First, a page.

Individuals and interactions
over processes and tools
Working software
over comprehensive documentation
Customer collaboration
over contract negotiation
Responding to change
over following a plan
That is, while there is value in the items on the right, we value the items on the left more.
Types of Agile
Why is it Called Scrum?
Hirotaka Takeuchi and Ikujiro Nonaka published a study called "The New New Product Development Game" in the Harvard Business Review 1986
Used a rugby team as a example of how to make software development teams operate more effectively
Teams should work together to reach a common goal as opposed to the traditional sequential approach.
Doesn't mention the word Scrum
Says team members fit together like pieces of a puzzle
Jeff Sutherland found this article in 1993 when trying to 'fix' his development process. He called his new process Scrum.
Ken Schwaber developed a similar process independently at his company.
The 2 worked together to codify Scrum and presented it at OOPSLA in 1995.
Product Owner
Works with the customer to determine requirements
Defines and prioritizes the Product Backlog
Ultimately responsibility for success or failure
Product evangelist
Single source for requirements
Ordered by priority
Always changing/never complete
Created and ordered by the Product Owner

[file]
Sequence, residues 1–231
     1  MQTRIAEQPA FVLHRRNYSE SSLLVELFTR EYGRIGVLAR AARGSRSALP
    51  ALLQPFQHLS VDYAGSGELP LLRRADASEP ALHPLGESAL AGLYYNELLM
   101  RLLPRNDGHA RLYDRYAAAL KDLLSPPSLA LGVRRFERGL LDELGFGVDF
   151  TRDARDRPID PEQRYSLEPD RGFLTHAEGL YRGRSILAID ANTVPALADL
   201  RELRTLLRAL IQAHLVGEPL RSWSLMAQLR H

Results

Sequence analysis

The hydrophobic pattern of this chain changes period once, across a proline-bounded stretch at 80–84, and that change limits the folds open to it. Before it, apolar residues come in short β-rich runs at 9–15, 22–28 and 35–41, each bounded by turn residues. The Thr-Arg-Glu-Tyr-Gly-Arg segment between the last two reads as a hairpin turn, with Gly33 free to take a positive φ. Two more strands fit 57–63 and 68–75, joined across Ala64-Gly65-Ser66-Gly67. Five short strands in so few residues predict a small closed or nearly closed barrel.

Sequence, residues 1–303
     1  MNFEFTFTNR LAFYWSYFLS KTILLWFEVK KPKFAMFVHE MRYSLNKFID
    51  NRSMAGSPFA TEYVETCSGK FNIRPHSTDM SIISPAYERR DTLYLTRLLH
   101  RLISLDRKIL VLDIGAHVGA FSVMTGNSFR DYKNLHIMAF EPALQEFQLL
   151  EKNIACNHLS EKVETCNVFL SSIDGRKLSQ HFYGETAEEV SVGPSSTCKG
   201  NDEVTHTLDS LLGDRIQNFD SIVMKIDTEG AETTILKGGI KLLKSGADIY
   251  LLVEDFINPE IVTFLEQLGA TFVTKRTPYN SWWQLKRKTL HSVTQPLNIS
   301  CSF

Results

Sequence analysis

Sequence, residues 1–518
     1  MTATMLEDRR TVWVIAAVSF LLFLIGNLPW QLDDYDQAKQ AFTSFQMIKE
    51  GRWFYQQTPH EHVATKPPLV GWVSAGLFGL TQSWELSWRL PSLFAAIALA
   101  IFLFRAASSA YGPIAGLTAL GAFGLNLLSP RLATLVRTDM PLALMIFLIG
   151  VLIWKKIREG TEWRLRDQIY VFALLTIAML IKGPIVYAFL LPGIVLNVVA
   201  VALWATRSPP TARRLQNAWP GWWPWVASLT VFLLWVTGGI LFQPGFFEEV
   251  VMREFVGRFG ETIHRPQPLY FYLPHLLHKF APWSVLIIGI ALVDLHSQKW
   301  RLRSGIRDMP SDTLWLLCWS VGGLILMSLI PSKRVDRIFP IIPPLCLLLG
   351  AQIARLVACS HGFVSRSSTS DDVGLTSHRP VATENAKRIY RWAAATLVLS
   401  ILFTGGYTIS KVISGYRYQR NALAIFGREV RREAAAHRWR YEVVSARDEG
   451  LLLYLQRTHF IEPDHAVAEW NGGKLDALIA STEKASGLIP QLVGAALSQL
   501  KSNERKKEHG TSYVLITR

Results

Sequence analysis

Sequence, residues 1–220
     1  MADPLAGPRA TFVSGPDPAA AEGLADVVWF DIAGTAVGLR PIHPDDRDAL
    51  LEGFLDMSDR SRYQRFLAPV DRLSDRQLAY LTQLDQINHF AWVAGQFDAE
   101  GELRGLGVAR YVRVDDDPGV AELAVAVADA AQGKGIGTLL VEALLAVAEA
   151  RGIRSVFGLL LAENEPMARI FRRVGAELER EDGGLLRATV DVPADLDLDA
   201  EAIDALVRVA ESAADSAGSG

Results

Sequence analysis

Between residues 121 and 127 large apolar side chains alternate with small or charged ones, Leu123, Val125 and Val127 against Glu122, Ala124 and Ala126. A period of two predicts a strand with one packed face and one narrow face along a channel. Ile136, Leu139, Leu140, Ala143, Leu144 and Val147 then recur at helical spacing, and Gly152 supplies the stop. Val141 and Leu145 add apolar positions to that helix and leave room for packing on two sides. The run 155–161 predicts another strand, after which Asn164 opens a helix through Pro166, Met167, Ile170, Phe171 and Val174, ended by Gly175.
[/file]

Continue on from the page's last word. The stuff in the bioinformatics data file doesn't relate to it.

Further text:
Estimated by the team
The Team
Cross functional
Small: 3-9 members
Generally full time on the team
Self organized
No titles
Members only change between sprints (if at all)
Choose the Sprint Backlog
Build the software

Set of Product Backlog items chosen for a sprint
Controlled by the Team in negotiation with the Product Owner
Not changed during sprint (except under special circumstances and only by the
Scrum Master
Enacts and enforces scrum values and practices
Facilitates meetings
Keeps things running smoothly
Removes Impediments
Shields team from external interference
Timebox of 2 to 4 weeks
A done increment is created that is useable and potentially releasable
Length cannot change within sprint
Ensures inspection and adaptation of progress
Limits risk to one timebox worth of cost
It is called a sprint because it is short
Pace should be sustainable indefinitely
Each Sprint will have a Sprint Goal which is the overall objective of the sprint